Arresting prose and a provocative conclusion - challenging the idea that our destinies are fundamentally linked to race - distinguish this memoir of growing up black in the American Midwest in the turbulent 1930s and 1960s. Set in an Ohio steel town and an exclusive, upstate New York private university, Dancing with Strangers is an evocative remembrance of an American's coming of age during the decade preceding the sixties' revolutionary transformation of American society. A dramatic, novelistically rendered account, it is the story of an individual's triumphant struggle for personal identity during an era when conformity, class, race, and political xenophobia dominated the American landscape. Watkins's family fled Tennessee for Ohio before he was born, when his father pistol-whipped a white neighbor who attacked one of his sons. In Dancing with Strangers, Watkins looks back upon his own life in the midst of the nation's roiling social currents during the tumultuous times when Brown v. the Board of Education and the civil rights movement took hold. Whether Watkins is writing about his combative father's furious, if sometimes misguided, struggles to exert his manhood; his parents' continuous, sometimes violent, feuding; his much-admired brother, in and out of jail and drug addiction his entire life; his touching relationship with his grandmother whose stories inspired and transported him; or his own quest for identity through achievement within the sports and intellectual worlds, his prose soars. Throughout this memoir, Watkins gives eloquent expression to the belief, shared by many Americans who have themselves overcome difficult circumstances, that an individual's destiny and identity are shaped as much by his responses to personal challenges as by racial matters that too often are merely smoke screens.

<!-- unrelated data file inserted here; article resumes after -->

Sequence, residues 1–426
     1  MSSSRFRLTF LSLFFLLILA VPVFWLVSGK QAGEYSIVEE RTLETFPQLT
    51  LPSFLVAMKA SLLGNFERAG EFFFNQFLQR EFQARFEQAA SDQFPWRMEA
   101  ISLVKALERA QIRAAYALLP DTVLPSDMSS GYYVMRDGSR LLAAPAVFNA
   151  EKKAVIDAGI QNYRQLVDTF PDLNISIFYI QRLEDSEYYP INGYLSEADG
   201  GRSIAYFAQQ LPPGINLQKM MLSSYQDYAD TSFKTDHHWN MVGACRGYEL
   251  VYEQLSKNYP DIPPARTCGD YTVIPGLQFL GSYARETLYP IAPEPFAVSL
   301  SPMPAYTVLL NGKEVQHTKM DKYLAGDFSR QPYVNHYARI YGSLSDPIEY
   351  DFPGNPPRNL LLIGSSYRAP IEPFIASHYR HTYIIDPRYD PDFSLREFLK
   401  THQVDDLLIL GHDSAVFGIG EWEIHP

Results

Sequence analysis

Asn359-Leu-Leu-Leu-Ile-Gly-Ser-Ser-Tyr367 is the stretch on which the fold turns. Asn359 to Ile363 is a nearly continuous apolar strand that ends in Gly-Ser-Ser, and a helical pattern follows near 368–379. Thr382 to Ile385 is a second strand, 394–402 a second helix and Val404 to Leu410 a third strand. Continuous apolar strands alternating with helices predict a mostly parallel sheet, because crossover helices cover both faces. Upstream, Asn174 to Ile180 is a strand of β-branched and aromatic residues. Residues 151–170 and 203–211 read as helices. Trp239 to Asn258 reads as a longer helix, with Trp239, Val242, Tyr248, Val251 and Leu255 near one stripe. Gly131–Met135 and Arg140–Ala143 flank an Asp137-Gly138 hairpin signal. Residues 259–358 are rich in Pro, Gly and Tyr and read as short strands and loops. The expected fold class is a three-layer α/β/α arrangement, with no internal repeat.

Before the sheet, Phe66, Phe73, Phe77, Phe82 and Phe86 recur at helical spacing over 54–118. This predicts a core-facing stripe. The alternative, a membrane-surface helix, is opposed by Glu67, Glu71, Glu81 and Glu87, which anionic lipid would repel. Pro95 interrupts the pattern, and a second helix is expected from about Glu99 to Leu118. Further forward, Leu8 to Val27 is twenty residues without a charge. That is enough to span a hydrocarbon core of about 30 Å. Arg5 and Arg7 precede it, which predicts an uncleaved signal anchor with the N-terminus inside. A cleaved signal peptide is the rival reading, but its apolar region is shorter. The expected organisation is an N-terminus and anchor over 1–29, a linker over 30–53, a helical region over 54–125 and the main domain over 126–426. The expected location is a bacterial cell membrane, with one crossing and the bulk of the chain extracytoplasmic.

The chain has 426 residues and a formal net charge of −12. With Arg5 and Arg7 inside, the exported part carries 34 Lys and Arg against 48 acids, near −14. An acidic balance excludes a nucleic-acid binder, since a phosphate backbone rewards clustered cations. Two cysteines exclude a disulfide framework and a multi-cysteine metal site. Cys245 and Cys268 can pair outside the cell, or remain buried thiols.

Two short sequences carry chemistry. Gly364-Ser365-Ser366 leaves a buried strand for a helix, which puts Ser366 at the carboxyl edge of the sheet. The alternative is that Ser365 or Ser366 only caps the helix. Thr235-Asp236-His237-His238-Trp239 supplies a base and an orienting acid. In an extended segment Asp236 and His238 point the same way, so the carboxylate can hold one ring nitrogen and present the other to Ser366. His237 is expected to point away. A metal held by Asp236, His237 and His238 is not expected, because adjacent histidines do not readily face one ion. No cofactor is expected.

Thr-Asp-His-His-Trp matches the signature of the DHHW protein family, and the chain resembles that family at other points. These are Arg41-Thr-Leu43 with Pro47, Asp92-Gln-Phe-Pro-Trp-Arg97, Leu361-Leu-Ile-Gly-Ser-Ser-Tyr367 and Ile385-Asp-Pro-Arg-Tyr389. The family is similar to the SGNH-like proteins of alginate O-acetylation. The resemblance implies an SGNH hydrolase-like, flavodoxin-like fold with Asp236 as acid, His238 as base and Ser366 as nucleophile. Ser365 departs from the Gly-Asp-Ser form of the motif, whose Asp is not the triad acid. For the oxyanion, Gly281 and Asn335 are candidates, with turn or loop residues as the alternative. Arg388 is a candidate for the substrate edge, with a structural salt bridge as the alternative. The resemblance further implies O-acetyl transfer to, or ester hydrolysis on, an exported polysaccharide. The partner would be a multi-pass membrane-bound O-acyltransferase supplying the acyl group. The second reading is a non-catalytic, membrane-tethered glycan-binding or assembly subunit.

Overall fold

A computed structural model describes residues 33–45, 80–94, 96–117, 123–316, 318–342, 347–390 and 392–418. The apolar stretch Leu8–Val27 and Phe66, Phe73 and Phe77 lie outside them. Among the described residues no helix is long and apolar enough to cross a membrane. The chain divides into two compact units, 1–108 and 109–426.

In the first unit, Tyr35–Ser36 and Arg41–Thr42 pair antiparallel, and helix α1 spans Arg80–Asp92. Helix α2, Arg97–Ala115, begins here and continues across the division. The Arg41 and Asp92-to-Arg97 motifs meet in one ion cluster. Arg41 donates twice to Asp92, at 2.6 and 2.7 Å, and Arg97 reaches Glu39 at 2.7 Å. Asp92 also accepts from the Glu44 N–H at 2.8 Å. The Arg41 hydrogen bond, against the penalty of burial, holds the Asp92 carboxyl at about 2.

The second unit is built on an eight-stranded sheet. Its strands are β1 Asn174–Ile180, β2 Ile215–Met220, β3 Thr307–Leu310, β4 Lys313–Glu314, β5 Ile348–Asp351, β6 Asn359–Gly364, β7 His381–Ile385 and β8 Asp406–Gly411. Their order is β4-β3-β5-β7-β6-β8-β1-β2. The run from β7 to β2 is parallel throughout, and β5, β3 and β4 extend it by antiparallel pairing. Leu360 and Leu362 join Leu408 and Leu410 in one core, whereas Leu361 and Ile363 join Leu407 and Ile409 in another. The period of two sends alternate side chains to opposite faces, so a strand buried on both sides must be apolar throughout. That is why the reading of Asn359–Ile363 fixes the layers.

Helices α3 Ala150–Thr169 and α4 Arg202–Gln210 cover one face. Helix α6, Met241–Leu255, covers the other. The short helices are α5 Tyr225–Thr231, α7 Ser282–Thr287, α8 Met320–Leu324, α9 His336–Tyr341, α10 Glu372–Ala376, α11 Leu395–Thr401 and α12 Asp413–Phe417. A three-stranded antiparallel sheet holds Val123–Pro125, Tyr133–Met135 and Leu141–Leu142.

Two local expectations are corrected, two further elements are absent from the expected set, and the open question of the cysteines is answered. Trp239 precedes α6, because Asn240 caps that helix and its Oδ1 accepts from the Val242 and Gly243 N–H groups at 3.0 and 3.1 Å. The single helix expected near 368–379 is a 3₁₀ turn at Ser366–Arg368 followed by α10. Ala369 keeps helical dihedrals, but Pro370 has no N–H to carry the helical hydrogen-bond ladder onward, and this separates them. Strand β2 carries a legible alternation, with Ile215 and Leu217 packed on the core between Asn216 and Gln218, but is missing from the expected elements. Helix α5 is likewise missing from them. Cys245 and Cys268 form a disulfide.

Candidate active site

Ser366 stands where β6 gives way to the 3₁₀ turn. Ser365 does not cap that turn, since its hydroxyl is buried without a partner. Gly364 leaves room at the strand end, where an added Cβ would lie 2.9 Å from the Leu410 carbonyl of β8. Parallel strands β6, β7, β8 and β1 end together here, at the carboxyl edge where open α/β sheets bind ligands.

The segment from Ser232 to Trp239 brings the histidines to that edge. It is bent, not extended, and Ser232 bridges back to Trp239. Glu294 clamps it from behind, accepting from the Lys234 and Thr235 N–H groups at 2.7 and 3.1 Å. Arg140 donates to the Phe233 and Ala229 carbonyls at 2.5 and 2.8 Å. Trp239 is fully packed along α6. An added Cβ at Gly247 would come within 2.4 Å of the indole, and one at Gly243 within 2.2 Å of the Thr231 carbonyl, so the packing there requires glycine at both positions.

About Mel Watkins
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Published February 11, 1998
by Simon & Schuster.
Biographies & Memoirs, History.